Do you have that ONE project? That project that caused you nothing but pain and suffering pain and also did I mention the pain?
I bought the yarn approximately four years ago. I recently learnt it’s the colourway “erika”, which I find very pretty for a yarn that came from the deepest pits of hell to personally torture me. (I’m not even kidding. This is like the Darth Vader of yarns.) I was oh so young back then and went about my very first sweater project (how proud I was, oblivious of the years it’d take to have a finished first sweater from a completely different pattern) with unbridled enthusiasm. I had originally thought of a completely different pattern, soobeeoz’s Leafy Lace Cardi. In three attempts I never managed more than the first few rows: I’m inclined to attribute it to user idiocy, but on the other hand one of the comments on Ravelry calls the pattern writing “ambiguous”, which is pretty much how I remember it.
In the early autumn 2012 I frogged the entire thing and, after my big success with Enchanting in Black and White, decided the yarn was perfect for A Stitch in Time Vol. 1’s Cable Bolero. Painfully learnt lesson #1: Always, ALWAYS check how many projects a pattern has on Ravelry. IF IT DOESN’T HAVE MANY EVEN THOUGH THE DESIGNER IS POPULAR IT’S PROBABLY NOT SMART TO KNIT IT ANYWAY. If you still want to try it, at least use your very best research skill to find out why (=read the project descriptions on Ravelry). If I could go back in time and slap my 2012 self for neglecting to do so, I’d be very very happy.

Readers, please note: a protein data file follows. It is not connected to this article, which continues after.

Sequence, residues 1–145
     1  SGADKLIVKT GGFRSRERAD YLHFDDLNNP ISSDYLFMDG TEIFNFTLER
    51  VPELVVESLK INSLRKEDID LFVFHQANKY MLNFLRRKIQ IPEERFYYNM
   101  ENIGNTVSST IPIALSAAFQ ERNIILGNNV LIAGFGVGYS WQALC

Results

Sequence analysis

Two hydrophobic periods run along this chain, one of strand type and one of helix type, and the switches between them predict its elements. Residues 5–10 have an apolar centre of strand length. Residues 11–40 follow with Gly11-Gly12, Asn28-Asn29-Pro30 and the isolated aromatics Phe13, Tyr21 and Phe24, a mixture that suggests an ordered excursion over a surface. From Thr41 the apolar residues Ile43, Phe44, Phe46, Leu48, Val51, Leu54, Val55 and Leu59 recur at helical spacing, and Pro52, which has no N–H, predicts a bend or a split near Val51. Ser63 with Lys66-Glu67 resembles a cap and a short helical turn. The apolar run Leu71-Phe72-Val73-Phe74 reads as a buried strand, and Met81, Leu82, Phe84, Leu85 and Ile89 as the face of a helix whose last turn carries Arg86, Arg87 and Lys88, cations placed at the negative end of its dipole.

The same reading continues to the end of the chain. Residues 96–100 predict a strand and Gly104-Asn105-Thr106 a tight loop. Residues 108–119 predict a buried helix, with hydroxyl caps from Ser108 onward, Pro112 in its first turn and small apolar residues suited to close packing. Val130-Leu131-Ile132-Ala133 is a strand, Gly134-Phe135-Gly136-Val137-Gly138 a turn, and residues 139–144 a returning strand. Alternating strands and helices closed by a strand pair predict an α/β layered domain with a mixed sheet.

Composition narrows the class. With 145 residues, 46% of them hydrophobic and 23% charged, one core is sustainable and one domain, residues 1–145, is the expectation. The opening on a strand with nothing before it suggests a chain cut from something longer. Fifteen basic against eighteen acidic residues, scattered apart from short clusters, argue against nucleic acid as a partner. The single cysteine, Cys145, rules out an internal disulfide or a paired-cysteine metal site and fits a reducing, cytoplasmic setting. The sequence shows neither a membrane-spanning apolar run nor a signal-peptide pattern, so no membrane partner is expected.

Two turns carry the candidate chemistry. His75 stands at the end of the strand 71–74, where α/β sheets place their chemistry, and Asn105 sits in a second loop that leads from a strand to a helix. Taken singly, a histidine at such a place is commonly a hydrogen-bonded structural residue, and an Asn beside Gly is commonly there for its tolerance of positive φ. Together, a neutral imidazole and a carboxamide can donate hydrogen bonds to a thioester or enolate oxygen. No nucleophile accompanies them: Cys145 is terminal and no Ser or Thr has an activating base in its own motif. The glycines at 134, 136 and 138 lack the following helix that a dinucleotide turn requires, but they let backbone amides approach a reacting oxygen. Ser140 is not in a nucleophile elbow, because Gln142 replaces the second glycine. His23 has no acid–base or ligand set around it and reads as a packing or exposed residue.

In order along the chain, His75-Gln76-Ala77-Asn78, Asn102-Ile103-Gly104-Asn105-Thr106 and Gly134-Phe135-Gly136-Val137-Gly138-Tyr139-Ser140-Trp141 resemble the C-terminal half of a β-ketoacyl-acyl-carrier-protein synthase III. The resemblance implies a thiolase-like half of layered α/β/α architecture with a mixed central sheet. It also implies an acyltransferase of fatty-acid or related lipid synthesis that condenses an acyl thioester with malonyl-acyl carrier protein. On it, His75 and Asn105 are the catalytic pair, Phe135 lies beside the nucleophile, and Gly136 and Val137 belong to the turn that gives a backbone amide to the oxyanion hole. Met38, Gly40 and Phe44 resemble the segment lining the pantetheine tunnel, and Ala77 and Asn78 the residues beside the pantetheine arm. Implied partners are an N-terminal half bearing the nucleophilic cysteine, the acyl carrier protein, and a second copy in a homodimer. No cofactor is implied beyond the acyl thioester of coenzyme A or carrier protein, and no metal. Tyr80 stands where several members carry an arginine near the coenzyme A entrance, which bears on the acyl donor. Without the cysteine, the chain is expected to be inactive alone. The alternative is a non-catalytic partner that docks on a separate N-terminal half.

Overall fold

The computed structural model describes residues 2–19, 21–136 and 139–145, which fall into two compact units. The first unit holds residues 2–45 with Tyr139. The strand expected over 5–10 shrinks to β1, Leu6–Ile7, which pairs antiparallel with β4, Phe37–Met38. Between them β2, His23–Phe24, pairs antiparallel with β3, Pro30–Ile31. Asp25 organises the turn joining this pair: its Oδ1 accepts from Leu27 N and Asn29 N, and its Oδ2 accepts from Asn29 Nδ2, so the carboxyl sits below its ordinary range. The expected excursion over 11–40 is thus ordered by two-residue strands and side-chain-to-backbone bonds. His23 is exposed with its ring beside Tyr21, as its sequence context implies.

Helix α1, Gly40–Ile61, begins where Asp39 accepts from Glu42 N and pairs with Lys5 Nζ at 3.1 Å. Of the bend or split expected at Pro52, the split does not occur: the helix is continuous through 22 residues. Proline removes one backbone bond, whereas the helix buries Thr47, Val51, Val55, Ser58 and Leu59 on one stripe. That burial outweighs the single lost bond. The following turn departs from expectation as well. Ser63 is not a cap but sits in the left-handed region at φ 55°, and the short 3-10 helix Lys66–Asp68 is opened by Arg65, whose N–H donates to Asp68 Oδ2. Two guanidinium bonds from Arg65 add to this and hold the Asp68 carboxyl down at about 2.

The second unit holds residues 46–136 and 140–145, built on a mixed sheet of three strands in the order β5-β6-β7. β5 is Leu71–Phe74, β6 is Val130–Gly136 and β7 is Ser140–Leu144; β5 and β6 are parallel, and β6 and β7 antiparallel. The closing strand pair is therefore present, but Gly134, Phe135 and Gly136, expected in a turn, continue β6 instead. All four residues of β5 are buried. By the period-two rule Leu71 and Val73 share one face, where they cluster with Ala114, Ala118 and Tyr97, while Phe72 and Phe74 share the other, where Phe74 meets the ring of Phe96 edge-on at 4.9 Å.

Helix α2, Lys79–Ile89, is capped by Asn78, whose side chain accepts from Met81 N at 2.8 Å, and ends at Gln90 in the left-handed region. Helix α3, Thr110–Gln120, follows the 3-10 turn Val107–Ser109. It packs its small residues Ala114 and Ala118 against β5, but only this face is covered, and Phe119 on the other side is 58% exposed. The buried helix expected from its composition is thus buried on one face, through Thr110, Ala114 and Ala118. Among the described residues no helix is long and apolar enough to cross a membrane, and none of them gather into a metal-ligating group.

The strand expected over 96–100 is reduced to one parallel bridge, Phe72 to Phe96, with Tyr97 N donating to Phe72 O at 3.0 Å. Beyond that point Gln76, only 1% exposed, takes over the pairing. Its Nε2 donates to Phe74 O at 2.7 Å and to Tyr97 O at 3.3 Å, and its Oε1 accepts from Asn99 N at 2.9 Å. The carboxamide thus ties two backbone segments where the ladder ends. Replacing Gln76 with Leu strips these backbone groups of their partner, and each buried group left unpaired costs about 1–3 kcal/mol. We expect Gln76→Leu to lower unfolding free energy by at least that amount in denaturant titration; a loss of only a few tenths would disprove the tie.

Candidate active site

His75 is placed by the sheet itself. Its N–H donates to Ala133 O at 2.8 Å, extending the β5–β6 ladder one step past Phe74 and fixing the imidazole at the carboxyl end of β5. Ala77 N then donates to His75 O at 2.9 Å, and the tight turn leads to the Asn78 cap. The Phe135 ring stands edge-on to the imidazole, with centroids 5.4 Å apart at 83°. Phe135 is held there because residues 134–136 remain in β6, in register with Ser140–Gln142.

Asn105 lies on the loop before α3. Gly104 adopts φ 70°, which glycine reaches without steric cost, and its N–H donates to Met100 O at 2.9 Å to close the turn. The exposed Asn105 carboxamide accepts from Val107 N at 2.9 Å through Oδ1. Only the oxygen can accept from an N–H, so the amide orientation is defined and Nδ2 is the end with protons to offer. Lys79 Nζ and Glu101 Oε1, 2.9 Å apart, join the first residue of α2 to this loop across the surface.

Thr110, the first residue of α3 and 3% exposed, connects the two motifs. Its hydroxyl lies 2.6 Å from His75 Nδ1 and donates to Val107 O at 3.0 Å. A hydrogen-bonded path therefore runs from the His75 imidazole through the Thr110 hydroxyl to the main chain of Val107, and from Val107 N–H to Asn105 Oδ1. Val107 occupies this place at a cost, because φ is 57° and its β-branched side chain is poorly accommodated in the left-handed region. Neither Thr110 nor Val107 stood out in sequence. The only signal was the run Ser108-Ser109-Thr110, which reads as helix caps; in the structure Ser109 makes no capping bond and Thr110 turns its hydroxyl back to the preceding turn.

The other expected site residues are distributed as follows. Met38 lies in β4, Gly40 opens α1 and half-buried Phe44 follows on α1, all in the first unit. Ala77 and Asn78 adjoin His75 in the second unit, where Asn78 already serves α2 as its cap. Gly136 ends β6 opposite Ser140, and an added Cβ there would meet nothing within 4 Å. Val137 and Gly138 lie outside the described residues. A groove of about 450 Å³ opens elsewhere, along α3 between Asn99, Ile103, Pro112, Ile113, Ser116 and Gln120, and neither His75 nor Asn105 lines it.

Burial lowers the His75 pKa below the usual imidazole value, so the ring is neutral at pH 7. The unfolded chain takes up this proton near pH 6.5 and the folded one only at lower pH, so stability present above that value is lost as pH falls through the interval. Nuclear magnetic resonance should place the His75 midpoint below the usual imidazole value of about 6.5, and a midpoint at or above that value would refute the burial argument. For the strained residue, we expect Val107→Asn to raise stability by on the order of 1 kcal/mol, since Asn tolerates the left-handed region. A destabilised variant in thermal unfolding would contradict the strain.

FACTS: The stitch count is wrong literally everywhere in this pattern. Personally, I had no problems knitting the back piece, but I knit the first front piece three times and couldn’t get the stitch count in the armhole and neck shaping right. Never. (Someone on Ravelry had the same problem with back and front pieces.) Part of the problem for me was the description:
Cast off 8 sts at armhole edge, then dec 1st on every foll alt row until 60 (76, 92) sts remain.
Cast off 8 sts at neck edge, then dec 1st on every foll alt row until 28 (44, 60) sts remain.” – Waller/Crawford, A Stitch in Time Vol. 1. Vintage Knitting & Crochet Patterns 1920-1949, Southport 2008, p. 292.
It took me a while to figure out I had to continue decreasing at the armhole even after starting the neck shaping to decrease to 28 stitches without producing a garment that would fit a giraffe. I’m not sure if that’s the solution, but it got me to a point where I had the same number of pattern repeats in the front and back, so you might want to try that if you’re knitting this pattern and are about as desperate as I am. Remember: It doesn’t matter how mad you get at the pattern, it’ll just be like “THAT’S HOW I ROLL, DEAL WITH IT”. The moment I gave up trying to figure things out (about a year after starting the project) I’ve had a much better time with this pattern; or maybe I’ve gotten mellow with age and the utter depression the sight of this asshole of a project caused me. But just as I thought I had reached the end of this ordeal, the pattern looked down on me and kicked me in the shin, the little bastard. You see, the stitch count ALSO doesn’t add up in the front bands and the collar, but at that point I just went “fuck it” and kfab to get the right number of stitches.